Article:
The Battle of the Sperm: Observations of Sperm Competition in a Wolbachia Infected Species

LaTrice Montgomery, a student from Hampton University, worked with Paul Ginsberg in the lab of Dr. Kelly Dyer to study sperm competition in an infected fly species.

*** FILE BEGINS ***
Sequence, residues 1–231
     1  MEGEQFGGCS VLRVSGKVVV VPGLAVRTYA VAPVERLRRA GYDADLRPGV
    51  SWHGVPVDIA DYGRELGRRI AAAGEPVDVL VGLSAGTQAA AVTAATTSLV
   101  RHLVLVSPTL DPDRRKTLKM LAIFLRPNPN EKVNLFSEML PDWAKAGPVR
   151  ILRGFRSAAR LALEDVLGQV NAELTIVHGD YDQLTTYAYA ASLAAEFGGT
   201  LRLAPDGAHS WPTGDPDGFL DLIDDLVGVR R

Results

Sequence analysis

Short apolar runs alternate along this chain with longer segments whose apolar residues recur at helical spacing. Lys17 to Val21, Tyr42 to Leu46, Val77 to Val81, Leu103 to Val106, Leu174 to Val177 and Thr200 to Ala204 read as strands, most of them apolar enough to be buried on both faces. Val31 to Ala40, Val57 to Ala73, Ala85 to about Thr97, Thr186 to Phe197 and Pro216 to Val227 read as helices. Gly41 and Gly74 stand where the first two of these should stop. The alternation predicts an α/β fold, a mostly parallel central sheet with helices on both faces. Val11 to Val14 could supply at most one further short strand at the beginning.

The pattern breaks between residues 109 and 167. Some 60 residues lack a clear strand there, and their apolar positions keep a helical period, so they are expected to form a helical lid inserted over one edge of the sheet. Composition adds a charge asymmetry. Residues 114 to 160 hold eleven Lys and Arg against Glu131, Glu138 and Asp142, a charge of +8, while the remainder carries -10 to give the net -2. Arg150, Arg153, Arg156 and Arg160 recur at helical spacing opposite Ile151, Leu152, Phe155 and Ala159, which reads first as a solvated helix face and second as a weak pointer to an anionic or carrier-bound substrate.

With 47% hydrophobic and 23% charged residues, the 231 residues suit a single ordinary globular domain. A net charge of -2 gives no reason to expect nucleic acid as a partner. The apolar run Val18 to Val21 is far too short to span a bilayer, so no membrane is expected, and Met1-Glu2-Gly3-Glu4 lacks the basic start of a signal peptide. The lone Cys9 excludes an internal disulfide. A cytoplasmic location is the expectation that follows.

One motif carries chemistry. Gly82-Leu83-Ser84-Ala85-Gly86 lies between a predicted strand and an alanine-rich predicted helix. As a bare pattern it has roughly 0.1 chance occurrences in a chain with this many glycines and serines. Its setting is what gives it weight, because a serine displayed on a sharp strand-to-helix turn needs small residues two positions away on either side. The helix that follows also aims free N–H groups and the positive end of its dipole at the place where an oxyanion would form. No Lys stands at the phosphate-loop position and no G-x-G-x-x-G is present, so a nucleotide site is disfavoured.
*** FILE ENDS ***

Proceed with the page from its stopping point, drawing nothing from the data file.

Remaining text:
Abstract:  Wolbachia, a maternally inherited bacterium, is broadly distributed among arthropod hosts. It is also capable of reducing viral load in its host, preventing the transmission of human pathogens and thus raising the possibility of its use as a biocontrol agent. In this study, we ask whether Wolbachia has any effects on the mating system of its host, specifically whether it affects patterns of male fertility and/or sperm competition. We conducted mating trials using the fly, Drosophila recens, which is naturally infected with Wolbachia. We utilized an infected, dark eye recessive mutant D. recens and uninfected, red eye wild type D. recens to assess paternity of infected and uninfected males. We found that there are no advantages or disadvantages of Wolbachia infection for male fertility or sperm competition.

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